Thursday, November 24, 2016

Poor Signage

This sign advertising the Jekyll Island museum is very fancy but poorly thought out.

Living in a tourist destination is fun and all, but it can be frustrating.   Tourists drive slowly, looking for places to go and often do dumb things like jam on their brakes in the middle of the road or try to drive on the sidewalk (I kid you not) or bike path.   Outdated GPS units are part of the problem - many of them show sidewalks as roads (which they used to be).

But part of the problem is signage.  No one wants to be in a place with screaming billboards or ugly signs, that is true.  So many "upscale" places try to use discreet signage or attractive signs to ease the blight.   The problem is, they are often useless signs that do not convey much in the way of useful information.

Case in point is the sign above, at the entrance to the soon-to-be remodeled Jekyll Island Museum.   We can only hope a new sign is part of the remodeling.   Nearly every day, I see someone with out-of-State tags drive by this sign and then lock on the brakes, realizing after the fact that they passed their destination.  They then try to turn into the tramway, which is blocked with a gate, but appears to be the natural entrance to the building.   This causes a lot of backups and dangerous situations.

Why is the sign bad?   Well, it is a victim of modern technology.   In the old days, you hired a drunken sign painter (and they were all drunks, back in the day) and he painted in clear, large letters a sign with an arrow.   He knew his business and the business was no-nonsense clear and easily readable signs.

(I am not picking on this sign in particular, only using it as an example.  No doubt the people who designed this thought it looked good in the conference room - and it did - but as a sign it doesn't function well.  There are millions of ineffectual signs like this in America alone.   Oddly enough, the Authority has a standardized sign format which is a simple listing of destinations and arrows, but for some reason, they felt compelled to go with graphics on this sign, instead of sticking to the standard format).

Today, we have computers and machines that will print color images, so we think we need to do this to be trendy and hip.   The problem is, images don't read well when you are 100 feet away driving 30 miles an hour.  The above image, from Google Earth (yes, I am too lazy to go take a picture myself) is blurred out to obfuscate facial features.   But that is about what you see when you drive by in your car.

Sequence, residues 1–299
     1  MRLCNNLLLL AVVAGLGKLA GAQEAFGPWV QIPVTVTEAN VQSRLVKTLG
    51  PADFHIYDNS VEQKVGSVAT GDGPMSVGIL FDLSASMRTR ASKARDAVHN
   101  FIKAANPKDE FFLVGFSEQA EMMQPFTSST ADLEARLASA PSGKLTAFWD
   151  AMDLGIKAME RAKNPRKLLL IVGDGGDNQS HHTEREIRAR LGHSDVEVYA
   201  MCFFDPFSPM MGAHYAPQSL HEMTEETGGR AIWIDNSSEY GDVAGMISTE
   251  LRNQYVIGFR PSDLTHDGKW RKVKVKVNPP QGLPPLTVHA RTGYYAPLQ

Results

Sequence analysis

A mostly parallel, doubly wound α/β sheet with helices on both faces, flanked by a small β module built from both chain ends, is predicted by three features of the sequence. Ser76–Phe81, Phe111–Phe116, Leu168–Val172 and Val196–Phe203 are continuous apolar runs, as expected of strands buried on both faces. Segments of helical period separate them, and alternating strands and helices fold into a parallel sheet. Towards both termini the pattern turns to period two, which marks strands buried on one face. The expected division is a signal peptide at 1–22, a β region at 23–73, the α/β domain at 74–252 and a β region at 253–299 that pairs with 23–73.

The sign has a lot of images of the club hotel and the "lady in the hat" but the actual wording of the sign is obscured.   At the top of the sign in an olde timey distressed lettering is the name of the museum.   You cannot read this driving by at 25 mph, which is the speed limit.   At the bottom of the sign is some lettering, but far too small for the size of the sign.  The graphics, which are unnecessary and communicate nothing - other than a lady in a hat - offer no real information and distract from what little information is available.

Sadly, a lot of people fall into this trap - designing fancy logos that cannot be read from more than five feet away.  After the hurricane, a local tree service put up signs on lawns of homeowners whose trees they serviced.   They might as well not have bothered as the logo had a large stylized tree on it, which looked like a Rorschach ink blot.  Maybe it was a tree, maybe a Denver omelette.  Hard to tell.   Worse yet, the lettering took advantage of another computer-generated nightmare - the ability to stretch and shrink letters.  So instead of JOE BLOW'S TREE SERVICE we had JOE Blows tree serVICE with the key word being "TREE" and that word being the smallest on the sign.   I could not tell if he was a roofing repair guy, plumber, HVAC tech or what.  Worse yet, the phone number (the key ingredient) was in even smaller lettering.